'She worked tirelessly to help educate students of Ridgefield about the dangers of drug and alcohol abuse,' her family said this week. 'She was a woman who will always be remembered as a loving mother and a person whose character was deeply rooted in kindness and generosity.
'Although her life ended much too abruptly, she lived with enough love and vigor to last a number of lifetimes.'
Ms. Fabrizio was born in Flushing, Queens, N.Y., daughter of Daniel Davis of Florida and the late Caryle Friedman Davis. She was raised in the Howard Beach section of Queens, and attended local schools and Brooklyn Collge.
For a time, she was associated with her father in his accounting firm.
Ms. Fabrizio was a former administrative assistant at the First Congregational Church of Ridgefield.
Besides her father in Florida, Ms. Fabrizio is survived by three daughters, Erica, Allison and Michelle, all of Ridgefield, and a nephew Jason Harrington.
Her mother, a sister, Brenda Harringon, and a nephew, Marine Sgt. Foster Harrington, who was killed in Iraq, died before her.
Rabbi Solomon Ackrish will lead services on Sunday at 11 a.m. in the Kane Funeral Home, 25 Catoonah Street. Burial will follow in Ridgebury Cemetery.
The family will receive friends at the funeral home on Sunday at 10.
A Period of Mourning will be observed at 19 Walnut Grove Road on Sunday evening from 6 to 9.
Francis 'Don' Waters, marketing consultant
Francis M. 'Don' Waters Jr., a public relations and marketing expert who had lived in Ridgefield more than 40 years, died on July 17, 2005, in Easton, Md. He was 86 years old.
Mr. Waters was born in Springfield, Mass., on July 10, 1919, to the late Francis M. Waters Sr. and Grace Alden Waters. The family moved several times, and he lived in various towns in New York and New Jersey.
Mr. Waters received his secondary school education in Mt. Vernon, N.Y. He enrolled at Lafayette College in Easton, Pa., graduating in 1940 with a bachelor of arts degree in economics and political science.
He began his career in New York City in public relations and advertising. At the outbreak of World War II he volunteered for service in the U.S. Army and became a commissioned officer in the anti-aircraft artillery branch. He was selected as an instructor in that field, and later volunteered for overseas service in the infantry.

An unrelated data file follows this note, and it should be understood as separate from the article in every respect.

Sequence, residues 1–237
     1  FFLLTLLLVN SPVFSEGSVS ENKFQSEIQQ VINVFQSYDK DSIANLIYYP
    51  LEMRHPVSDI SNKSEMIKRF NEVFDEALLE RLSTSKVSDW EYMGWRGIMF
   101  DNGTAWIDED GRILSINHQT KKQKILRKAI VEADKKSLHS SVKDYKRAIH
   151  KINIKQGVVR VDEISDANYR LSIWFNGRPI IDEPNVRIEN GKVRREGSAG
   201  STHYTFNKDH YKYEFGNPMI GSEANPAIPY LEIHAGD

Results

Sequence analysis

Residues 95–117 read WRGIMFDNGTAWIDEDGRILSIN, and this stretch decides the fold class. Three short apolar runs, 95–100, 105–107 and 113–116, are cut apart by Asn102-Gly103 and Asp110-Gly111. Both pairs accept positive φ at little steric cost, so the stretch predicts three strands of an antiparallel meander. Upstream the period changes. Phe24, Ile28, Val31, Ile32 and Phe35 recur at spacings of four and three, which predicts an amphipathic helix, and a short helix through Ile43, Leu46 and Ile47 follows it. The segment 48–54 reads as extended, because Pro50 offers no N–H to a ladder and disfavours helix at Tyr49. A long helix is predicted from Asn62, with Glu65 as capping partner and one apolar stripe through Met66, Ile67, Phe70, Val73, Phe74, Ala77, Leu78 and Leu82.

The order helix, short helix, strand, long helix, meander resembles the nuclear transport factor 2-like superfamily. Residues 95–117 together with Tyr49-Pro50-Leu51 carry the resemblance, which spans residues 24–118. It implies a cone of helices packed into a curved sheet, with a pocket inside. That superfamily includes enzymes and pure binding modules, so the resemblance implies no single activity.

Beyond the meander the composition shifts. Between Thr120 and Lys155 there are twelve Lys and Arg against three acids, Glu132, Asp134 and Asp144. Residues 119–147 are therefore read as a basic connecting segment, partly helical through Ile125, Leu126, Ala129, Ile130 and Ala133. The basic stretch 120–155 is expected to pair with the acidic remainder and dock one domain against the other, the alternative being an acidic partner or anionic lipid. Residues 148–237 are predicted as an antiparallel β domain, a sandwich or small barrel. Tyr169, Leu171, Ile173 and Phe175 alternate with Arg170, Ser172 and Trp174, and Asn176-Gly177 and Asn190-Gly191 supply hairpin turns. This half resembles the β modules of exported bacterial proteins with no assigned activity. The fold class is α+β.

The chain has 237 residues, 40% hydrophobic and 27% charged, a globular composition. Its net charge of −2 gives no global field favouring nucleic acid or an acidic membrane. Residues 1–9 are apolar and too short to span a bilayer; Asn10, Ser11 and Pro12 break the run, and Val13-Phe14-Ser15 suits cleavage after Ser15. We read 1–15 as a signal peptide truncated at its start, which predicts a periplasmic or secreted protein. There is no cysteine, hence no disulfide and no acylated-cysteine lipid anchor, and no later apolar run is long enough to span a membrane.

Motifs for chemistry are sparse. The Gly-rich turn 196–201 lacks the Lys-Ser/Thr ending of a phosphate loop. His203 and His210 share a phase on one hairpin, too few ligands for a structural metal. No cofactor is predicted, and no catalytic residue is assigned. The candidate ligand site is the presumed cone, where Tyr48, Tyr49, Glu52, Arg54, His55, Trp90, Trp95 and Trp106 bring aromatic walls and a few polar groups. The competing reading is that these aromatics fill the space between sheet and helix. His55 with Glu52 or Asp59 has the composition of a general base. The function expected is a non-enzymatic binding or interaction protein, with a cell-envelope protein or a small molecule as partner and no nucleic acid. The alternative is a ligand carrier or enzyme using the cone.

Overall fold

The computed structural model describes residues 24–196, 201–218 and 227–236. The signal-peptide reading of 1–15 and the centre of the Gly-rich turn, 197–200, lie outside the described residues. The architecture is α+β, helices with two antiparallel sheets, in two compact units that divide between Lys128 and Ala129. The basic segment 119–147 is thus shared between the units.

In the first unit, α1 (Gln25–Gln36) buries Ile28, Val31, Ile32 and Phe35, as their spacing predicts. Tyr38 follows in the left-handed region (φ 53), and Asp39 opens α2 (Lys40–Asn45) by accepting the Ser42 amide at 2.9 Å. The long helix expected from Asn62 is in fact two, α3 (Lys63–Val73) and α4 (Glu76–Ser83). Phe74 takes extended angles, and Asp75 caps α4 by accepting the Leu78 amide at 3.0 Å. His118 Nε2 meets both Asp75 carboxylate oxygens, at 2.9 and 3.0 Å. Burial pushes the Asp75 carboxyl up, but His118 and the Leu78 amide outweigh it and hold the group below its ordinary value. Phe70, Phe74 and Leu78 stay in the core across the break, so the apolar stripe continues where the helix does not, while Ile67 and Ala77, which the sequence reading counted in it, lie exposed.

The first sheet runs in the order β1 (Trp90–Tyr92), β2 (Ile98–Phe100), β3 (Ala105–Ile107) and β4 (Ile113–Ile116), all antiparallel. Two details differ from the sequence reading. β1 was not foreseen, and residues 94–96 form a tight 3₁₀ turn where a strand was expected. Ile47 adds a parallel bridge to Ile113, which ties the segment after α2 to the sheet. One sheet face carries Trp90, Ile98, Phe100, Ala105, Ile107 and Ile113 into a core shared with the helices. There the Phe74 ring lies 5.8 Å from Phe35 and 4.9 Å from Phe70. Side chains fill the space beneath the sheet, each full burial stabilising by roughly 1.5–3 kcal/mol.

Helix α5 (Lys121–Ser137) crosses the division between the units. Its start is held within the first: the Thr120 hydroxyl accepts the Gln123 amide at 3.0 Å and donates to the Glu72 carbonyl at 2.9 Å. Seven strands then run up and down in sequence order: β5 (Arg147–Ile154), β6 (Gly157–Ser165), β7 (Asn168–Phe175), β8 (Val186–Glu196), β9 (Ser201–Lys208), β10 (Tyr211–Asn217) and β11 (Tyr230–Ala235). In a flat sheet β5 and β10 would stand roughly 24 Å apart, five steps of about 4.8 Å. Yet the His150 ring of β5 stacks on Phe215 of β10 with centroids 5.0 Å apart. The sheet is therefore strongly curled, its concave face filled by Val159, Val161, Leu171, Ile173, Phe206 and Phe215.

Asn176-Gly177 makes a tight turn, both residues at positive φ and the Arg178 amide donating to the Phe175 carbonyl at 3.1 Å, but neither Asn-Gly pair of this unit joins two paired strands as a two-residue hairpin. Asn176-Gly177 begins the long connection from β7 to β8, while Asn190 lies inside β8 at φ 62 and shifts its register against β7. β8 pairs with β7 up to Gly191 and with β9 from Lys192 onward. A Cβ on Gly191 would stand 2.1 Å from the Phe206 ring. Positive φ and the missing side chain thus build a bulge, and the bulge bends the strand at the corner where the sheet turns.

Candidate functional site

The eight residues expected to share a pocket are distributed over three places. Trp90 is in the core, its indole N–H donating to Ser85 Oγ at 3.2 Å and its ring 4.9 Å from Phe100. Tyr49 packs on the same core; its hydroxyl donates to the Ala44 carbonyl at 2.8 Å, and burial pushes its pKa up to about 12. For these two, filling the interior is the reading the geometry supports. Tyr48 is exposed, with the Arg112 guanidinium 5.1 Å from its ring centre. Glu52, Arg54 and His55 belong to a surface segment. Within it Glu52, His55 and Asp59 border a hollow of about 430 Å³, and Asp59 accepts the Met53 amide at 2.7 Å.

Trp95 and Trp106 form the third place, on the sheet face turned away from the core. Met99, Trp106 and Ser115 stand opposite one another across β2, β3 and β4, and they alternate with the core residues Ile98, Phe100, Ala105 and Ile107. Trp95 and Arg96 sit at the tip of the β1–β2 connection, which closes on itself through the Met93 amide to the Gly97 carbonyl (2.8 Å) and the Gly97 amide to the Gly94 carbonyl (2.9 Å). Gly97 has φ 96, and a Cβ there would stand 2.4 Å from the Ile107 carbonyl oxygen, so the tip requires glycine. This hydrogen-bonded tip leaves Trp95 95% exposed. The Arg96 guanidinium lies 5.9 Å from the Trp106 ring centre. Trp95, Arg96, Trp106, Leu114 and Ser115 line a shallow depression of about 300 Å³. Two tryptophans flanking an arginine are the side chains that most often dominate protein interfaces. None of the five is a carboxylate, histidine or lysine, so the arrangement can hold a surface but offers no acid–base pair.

Mr. Waters was a combat company commander in the Italian Theater until the end of hostilities in Italy, after which he was in charge of a prisoner-of-war camp for German soldiers, voluntarily delaying his return home.
He was recalled to active duty with the Army during the Korean War and served in Army headquarters at the Pentagon in Washington.
Upon his return from World War II, Mr. Waters resumed his career, working in several large companies in public relations, advertising, marketing, opinion research, and management consulting.
He later began his own company, Don Waters & Associates, and served a varied roster of clients in southern Connecticut. He also worked for several years as the editor of Business Digest magazine in Danbury.
In the 1970s, Mr. Waters served as chairman of the Ridgefield Community Corporation, a nonprofit organization aiming to provide affordable housing in town.
In his retirement Mr. Waters taught several classes in his field at Western Connecticut State University, and volunteered extensively for various nonprofit agencies, most recently for the SCORE chapter for Western Connecticut in Brookfield. This organization's members are retired business executives who donate their time to advising small business clients on various aspects of their business: starting a business, improving one or expanding one. During his time at SCORE, Mr. Waters counseled hundreds of small business owners, and served as the chapter chairman for three years.